New unit to inform mental health policy
In striving to bridge the gap between evidence and policy, UCL and King’s College London are leading the establishment of the new NIHR Mental Health Policy Research Unit. Commissioned by the Department of Health, the unit will bring mental health researchers, clinicians, service users and carers closer together in working to inform policy.
Hosted at UCL, the unit will be jointly led by UCL and King’s, alongside researchers from City, University of London and Middlesex University, and including third sector partner the Centre for Mental Health. It has been funded at a cost of £5 million for five years. Director of the unit Professor Sonia Johnson said across the healthcare system what we know about what works is more than what is actually used to inform policy making, as policy makers often don’t have the latest research readily available. ‘We are putting together a responsive core team, and building up a broader network of experts who will ensure that policy makers will have access to the most comprehensive and up-to-date evidence to guide their plans. Our network of experts includes economists, big data analysts and service-user researchers, to name a few, so we will be well placed to look at mental health policy research from many different angles.’
The research unit will be focusing on prevention, access and quality of mental health care, by conducting research on the impact of existing policies and to guide future plans, as well as by providing expert advice in a timely manner. The unit will offer bespoke analyses to help guide mental health policy, drawing on existing data sets to rapidly collect evidence, and by synthesising established findings. The unit will also work with a broader network of experts in the field, and identify researchers who can be available at short notice to offer advice or to take on short-term projects.
Professor of Evidence Based Practice and Research at UCL Miranda Wolpert will be working on the new unit, bringing her expertise on child and youth mental health. ‘Across the country, a network of Policy Research Units already exist to provide the Department of Health with relevant evidence in fields such as children and young people and women’s health. However, this is the first such unit in the field of mental health and marks a significant step in the right direction as it will bring mental health researchers, clinicians, service users and carers closer together. It will provide research to inform policy makers and provide service users and carers a channel through which to ensure their views are heard and considered in the development of key mental health policy.’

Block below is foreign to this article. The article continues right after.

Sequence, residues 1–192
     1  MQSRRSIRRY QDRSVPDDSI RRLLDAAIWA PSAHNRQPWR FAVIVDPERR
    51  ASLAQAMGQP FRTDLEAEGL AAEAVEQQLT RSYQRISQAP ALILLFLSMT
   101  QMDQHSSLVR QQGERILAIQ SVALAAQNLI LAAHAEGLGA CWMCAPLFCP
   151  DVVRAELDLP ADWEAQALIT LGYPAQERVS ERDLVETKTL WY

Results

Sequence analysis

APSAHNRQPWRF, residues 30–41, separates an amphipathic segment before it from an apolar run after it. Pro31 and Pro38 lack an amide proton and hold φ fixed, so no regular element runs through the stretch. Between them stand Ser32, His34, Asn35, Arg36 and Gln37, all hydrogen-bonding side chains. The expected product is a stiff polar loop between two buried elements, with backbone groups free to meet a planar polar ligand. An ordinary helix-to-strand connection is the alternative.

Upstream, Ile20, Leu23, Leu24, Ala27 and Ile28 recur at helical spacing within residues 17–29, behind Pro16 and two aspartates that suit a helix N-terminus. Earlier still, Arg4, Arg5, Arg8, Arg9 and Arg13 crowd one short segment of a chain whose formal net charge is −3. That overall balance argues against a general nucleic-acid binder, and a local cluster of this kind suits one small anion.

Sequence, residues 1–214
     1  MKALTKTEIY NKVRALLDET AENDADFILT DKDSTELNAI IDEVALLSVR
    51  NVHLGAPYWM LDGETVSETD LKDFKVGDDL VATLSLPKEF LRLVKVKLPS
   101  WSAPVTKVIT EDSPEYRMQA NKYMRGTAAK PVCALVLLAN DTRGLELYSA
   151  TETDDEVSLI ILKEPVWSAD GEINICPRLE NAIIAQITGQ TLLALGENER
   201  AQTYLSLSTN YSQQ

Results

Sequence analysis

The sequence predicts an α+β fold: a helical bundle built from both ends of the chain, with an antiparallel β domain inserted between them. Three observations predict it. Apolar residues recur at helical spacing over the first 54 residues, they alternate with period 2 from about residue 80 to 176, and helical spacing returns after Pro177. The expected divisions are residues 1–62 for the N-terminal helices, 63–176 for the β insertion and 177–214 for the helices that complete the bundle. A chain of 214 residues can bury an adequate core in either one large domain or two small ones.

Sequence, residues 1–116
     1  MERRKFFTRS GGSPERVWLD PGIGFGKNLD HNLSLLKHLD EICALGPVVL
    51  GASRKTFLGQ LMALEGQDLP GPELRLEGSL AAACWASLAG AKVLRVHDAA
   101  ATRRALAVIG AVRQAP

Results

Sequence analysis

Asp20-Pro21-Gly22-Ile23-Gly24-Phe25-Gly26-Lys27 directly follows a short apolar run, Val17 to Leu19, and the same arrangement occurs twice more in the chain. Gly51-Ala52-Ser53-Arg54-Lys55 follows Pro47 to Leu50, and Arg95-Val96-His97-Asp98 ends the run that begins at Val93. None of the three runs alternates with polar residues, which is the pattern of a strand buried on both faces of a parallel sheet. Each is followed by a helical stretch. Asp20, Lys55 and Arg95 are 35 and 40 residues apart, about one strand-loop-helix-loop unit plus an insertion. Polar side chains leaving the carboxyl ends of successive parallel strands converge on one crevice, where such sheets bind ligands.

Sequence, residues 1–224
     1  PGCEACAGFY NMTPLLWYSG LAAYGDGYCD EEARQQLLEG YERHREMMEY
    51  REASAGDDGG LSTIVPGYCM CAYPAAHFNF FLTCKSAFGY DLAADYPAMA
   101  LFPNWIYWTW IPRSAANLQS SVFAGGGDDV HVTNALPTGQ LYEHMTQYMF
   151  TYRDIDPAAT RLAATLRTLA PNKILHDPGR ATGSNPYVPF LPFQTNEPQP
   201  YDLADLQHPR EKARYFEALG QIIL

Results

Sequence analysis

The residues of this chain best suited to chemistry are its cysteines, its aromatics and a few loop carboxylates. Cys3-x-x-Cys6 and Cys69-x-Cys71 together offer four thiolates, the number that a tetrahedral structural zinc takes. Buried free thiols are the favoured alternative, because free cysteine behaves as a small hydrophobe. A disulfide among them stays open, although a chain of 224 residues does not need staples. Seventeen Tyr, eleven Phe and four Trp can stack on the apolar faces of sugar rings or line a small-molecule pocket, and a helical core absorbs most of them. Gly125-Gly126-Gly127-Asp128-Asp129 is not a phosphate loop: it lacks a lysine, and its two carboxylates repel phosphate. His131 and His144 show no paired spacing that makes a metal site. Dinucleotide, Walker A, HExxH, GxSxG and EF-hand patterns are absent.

People who have used mental health services, some of whom are professional researchers, will be part of the team and will contribute their perspectives on equal terms. The unit’s research priorities will be set by the Department of Health and affiliated bodies, and the research team will be collaborating with all stakeholder groups to determine how to address them. A Service-user and Carer Involvement Coordinator is set to be recruited as well as a Lived Experience Advisory Panel (LEAP) consisting of 12 service users and carers. The aim of the LEAP will be to contribute to each substantial piece of work carried out by the unit – especially that which involves investigating service models or stakeholder experiences and views. The team will be using the National Survivor User Network and others to develop links with service-user and carer groups across the country, to enable it to conduct broader consultations rapidly if required, or to reach specific service-user populations. Service-user and carer involvement in the PRU will be led by Professor Sarah Carr.
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